And this thought brings us to the “how” question—how can we increase the visibility of the profession? The PAM Work Group provides a framework for pharmacist involvement to improve quality measure performance and patient outcomes, and thereby demonstrate value within their organizations and to the patients they serve. In his Whitney lecture titled "The Visible Ingredient," Dr. John E. Murphy sheds light on areas of limited pharmacist visibility: 1) some pharmacies in community and hospital settings have pharmacists in dispensing-related roles who are not really seen by the public, 2) there is currently no requirement for a pharmacist to address the needs of every patient receiving complex medication therapy in health systems, 3) some pharmacists might not do patient rounds and therefore are not visibly seen by patients in a hospital, and 4) pharmacists are not commonly part of the discussion of healthcare reform to the extent that physicians and nurses are. Dr. Murphy delves into these subjects more in his full address and is more eloquent in his discourse, so I encourage you to read his lecture; but essentially, we can improve upon these areas by increasing direct patient care through rounds and complex medication monitoring, creating new clinical roles in models of care that value pharmacist services, and directly being involved in discussions of reforms that impact medication therapy—we improve through advocacy and proactivity. And PAM is a good place to start, as it targets specific measures where pharmacist involvement can improve patient outcomes.
With both the “what” and “how,” we move on to the inevitable inquiry of “why”—why are initiatives like PAM important? Demonstration of our medication expertise as pharmacists facilitates recognition of our value in health care and our direct ability to effect positive change of lower cost, better care, and better health outcomes. Pharmacists’ ability to optimize medication use at the highest level can decrease the length of patients’ stays at hospitals and improve their quality of life. Dr. Murphy augments this point with various recognitions of pharmacy practice by prominent organizations, such as the U.S. Public Health System’s support of the importance of pharmacists’ accessibility and need for healthcare reform with expanded patient care services, the CDC’s promotion of pharmacists’ leadership in antimicrobial stewardship, and Dr. Lucian Leape, an internationally respected physician, and his affirmation of pharmacists’ prevention of medication errors in the intensive care unit. Pharmacists complete rigorous schooling, post-graduate training programs, and continuing education, and have exhaustive knowledge of the entire pharmacopeia of drugs, so we have undeniable influence on the quality of patient care. Therefore, we must capitalize upon the opportunities presented to us and work interprofessionally to improve the health of millions of people firsthand.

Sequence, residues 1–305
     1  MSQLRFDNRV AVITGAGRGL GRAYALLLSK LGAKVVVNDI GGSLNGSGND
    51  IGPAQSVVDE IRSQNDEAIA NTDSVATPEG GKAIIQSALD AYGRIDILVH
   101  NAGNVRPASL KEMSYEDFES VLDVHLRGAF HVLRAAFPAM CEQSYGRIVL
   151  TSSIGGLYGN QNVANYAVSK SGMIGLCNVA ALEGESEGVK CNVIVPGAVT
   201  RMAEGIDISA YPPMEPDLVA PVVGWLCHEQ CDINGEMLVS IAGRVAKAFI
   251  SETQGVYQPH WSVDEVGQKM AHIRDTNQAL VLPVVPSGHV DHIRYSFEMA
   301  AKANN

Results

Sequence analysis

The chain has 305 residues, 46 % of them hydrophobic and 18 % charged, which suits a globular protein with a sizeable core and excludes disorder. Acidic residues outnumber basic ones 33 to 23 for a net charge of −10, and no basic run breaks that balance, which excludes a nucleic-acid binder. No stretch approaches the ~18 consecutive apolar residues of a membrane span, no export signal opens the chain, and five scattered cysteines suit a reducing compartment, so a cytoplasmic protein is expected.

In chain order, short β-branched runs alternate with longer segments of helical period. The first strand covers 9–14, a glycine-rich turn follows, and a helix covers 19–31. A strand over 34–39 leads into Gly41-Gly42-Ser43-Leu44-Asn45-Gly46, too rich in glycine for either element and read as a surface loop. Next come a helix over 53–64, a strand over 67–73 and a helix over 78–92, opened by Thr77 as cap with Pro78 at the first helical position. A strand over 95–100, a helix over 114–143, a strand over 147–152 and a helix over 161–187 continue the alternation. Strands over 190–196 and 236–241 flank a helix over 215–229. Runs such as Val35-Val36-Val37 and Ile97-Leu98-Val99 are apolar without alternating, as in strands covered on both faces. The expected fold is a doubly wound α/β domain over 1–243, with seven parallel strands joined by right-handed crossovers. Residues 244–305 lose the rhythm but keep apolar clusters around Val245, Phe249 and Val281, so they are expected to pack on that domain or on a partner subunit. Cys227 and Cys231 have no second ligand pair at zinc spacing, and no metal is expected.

I again invoke the wisdom of Dr. Murphy to drive this point home: “our mission has always been about the patient; it was never about pharmacists.” If we know our purpose and hold fast to it, we will drive our practice forward with the patient’s well-being at the forefront, with everything else falling into place.
Pharm.D. Candidate, Class of 2023
Purdue University College of Pharmacy